The hidden side of China’s economic boom

This is an extract from the latest edition of the “China Labour Bulletin”:

“The Chinese government last week announced a series of measures to stabilize rapidly increasing food prices.

The new measures, which include boosting supplies of staples from government stockpiles, providing additional subsidies to needy families, and cracking down on speculators, clearly indicate the government’s concern over rising inflation and the effect it might have on social stability. In some regions of China, the prices of rice, cooking oil and some vegetables have doubled this year, creating a serious burden for China’s lowest paid workers and impoverished rural families.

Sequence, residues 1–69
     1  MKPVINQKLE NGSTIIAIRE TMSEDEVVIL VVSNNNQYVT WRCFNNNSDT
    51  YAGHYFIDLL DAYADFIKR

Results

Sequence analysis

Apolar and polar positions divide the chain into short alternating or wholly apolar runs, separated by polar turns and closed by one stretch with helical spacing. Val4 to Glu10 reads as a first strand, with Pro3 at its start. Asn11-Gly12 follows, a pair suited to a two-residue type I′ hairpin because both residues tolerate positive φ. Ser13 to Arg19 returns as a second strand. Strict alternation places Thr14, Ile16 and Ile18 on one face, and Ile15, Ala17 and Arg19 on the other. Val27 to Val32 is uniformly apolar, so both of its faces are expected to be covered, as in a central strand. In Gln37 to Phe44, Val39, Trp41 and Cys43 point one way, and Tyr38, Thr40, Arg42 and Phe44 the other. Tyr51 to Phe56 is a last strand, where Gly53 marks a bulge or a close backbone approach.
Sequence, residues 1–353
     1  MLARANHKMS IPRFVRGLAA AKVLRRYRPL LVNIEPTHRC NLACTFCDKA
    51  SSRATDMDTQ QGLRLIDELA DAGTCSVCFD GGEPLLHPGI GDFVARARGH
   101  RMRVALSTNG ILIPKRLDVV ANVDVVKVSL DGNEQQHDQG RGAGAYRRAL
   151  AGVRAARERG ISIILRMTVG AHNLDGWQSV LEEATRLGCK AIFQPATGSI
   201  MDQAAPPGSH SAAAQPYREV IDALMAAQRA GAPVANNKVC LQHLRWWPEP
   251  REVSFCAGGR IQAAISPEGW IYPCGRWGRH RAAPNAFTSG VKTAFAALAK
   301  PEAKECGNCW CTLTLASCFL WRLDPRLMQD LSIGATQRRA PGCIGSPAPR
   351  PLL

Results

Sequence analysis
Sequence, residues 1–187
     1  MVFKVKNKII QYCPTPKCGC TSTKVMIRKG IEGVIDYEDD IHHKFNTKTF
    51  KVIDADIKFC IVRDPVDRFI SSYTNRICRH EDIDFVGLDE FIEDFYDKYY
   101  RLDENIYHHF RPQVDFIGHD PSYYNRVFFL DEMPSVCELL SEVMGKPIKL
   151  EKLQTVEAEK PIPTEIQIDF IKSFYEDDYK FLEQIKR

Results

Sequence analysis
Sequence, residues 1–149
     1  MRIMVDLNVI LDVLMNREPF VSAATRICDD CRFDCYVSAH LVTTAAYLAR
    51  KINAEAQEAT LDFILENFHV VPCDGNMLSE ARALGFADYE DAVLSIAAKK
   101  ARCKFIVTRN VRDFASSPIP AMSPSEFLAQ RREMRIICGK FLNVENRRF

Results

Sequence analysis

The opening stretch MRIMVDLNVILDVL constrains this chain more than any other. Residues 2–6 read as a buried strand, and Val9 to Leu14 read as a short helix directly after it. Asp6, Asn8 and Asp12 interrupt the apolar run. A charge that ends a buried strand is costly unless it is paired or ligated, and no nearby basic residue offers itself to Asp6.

Local governments across China raised the minimum wage by an average of 24 percent this year, but already those gains are being eroded by increases in the cost of food and accommodation. One of the main complaints of striking workers at Sanyo in Shenzhen this month, for example, was that the price of food at the company canteen had quadrupled immediately after their basic wage went up inline with the minimum wage.

Next month, the United Nation’s Special Rapporteur on the Right to Food, Olivier De Schutter, will lead an official mission to China. Professor De Schutter is a strong proponent of the idea that fair wages are essential to ensuring equal and adequate access to food, and he will be particularly interested to discover whether or not disadvantaged workers in China can negotiate and obtain a decent wage.”


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